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Trader Talk: The big stocks keep getting bigger

The major indices opened at record highs yet again on Monday, with cyclicals like Financials, Industrials, and Materials all leading. The Dow Industrials have moved about 270 points or 1.3 percent since Thursday morning, when President Trump said he would have more news on a tax cut in the next few weeks. House Speaker Paul Ryan already said that no action would be forthcoming before spring at the earliest, but no matter. Just word that the president might have something soon is sending markets higher.

The S&P 500, the main index watched by professionals, topped $20 trillion in value for the first time this morning. The S&P 500 is the 500 largest stocks in the U.S., but there's about 4,000 companies that are actively traded. The Russell 3000, which is the largest 3,000 stocks that trade, has a market value of about $25 trillion. So the top 500 stocks have a value of about $20 trillion, and the remaining 2,500 have a value of only about $5 trillion more.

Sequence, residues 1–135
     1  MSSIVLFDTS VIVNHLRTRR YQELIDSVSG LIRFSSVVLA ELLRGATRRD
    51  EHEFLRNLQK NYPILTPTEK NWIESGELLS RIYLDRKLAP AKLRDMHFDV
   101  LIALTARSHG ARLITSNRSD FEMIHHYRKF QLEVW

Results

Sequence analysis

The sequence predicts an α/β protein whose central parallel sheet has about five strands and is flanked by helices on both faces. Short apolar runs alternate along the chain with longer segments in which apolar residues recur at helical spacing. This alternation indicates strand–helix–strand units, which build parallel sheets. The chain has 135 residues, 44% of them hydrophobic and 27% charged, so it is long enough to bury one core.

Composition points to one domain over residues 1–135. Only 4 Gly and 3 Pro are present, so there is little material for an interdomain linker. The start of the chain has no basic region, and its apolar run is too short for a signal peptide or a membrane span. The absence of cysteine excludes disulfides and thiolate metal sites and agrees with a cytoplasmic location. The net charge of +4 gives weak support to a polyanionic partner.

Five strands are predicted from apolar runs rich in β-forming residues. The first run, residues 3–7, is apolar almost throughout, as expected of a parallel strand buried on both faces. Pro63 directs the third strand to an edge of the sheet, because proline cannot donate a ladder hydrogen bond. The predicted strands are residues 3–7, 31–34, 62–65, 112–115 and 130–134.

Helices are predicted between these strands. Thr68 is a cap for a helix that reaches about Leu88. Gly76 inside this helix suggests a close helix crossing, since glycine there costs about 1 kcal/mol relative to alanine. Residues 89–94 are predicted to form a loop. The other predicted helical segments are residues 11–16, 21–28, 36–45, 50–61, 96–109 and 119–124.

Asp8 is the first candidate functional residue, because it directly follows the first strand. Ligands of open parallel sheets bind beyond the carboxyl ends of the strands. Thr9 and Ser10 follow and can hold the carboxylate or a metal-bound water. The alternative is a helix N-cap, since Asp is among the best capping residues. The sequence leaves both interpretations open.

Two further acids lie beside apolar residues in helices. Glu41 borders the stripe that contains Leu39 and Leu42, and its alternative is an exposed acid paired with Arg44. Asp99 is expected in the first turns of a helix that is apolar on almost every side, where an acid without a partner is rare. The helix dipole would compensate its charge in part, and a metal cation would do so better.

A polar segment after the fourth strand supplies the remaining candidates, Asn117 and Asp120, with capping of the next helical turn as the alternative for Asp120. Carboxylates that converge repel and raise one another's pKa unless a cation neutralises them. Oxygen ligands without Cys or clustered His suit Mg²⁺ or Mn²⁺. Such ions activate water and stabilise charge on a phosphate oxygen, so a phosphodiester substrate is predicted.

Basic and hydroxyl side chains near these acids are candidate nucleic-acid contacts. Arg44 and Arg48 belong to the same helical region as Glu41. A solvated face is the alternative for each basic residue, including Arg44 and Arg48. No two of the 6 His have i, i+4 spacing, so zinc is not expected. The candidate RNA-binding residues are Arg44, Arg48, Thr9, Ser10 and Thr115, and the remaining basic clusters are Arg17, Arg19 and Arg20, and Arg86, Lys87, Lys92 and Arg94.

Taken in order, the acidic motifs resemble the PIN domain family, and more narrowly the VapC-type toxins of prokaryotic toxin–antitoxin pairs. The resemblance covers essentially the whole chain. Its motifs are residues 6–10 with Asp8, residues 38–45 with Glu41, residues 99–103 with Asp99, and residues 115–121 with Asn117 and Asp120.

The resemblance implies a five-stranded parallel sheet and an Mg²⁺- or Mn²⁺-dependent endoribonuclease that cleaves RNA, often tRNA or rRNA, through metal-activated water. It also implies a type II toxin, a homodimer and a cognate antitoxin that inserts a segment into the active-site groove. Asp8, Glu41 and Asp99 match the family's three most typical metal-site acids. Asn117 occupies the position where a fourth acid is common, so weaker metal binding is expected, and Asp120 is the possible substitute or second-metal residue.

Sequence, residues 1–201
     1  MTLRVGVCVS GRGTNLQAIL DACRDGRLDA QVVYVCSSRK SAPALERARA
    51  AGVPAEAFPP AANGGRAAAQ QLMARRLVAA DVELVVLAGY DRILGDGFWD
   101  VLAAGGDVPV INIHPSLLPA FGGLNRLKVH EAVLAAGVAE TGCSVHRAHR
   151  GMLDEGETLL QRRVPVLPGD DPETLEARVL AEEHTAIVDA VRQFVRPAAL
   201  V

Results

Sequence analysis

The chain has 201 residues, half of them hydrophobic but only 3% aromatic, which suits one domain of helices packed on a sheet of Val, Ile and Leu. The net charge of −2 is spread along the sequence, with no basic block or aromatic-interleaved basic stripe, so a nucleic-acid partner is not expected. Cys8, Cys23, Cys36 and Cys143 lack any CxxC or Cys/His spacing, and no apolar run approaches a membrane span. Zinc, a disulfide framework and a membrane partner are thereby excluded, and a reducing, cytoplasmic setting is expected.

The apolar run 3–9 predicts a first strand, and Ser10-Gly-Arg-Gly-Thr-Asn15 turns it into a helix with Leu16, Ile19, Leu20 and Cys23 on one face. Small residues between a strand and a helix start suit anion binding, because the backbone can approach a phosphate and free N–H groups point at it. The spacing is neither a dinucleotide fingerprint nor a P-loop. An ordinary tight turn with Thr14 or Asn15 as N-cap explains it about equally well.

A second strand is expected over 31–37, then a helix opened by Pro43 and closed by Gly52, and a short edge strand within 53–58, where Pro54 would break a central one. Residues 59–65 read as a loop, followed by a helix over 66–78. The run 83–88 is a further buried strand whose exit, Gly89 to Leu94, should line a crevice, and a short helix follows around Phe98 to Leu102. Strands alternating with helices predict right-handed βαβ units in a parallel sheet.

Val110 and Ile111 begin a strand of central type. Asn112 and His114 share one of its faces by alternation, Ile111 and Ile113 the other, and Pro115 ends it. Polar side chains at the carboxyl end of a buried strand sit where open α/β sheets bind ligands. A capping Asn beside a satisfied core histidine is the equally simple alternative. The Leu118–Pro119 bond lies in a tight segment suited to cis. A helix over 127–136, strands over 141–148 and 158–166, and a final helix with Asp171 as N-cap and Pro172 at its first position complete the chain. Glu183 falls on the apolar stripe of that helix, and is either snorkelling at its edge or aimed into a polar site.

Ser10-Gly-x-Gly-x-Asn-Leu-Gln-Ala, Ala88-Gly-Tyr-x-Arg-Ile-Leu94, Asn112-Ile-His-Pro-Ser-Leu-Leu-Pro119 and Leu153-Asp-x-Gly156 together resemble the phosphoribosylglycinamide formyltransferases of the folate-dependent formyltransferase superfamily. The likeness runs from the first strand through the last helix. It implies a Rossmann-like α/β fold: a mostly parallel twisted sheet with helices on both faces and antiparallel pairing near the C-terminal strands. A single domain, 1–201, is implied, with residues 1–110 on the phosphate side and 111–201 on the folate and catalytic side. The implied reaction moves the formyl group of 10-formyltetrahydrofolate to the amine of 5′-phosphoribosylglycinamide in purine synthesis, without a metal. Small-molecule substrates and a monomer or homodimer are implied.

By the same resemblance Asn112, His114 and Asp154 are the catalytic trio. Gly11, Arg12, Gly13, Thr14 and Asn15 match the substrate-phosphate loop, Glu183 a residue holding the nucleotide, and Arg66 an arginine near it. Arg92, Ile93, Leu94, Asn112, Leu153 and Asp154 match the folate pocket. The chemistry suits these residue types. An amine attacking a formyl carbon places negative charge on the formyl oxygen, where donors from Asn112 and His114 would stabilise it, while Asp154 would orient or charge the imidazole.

That tells you that the biggest stocks really are getting bigger.

Why is that? Partly, it is the triumph of indexing. The three largest ETFs that track the S&P 500—the SPDR S&P 500 (SPY), iShares Core S&P 500 (IVV), and Vanguard S&P 500 (VOO), collectively have about $358 billion in assets under management, about 14 percentof the $2.5 trillion in assets for the entire ETF industry. Because it's easy to push money into indexes, and the S&P 500 is the most well-known index, the big keep getting bigger.

A trader works on the floor of the New York Stock Exchange during the afternoon of May 7, 2014
Andrew Burton | Getty Images News | Getty Images
A trader works on the floor of the New York Stock Exchange during the afternoon of May 7, 2014

Speaking of getting bigger, Apple once again passed a market value of $700 billion this morning, a value it first hit in 2014. To put that in perspective, that's about 3.5 percent of the value of the entire S&P 500.

For one stock! If the S&P 500 was weighted equally among all 500 stocks, Apple would only be 0.2 percent of the index.

  • Bob Pisani

    A CNBC reporter since 1990, Bob Pisani covers Wall Street from the floor of the New York Stock Exchange.

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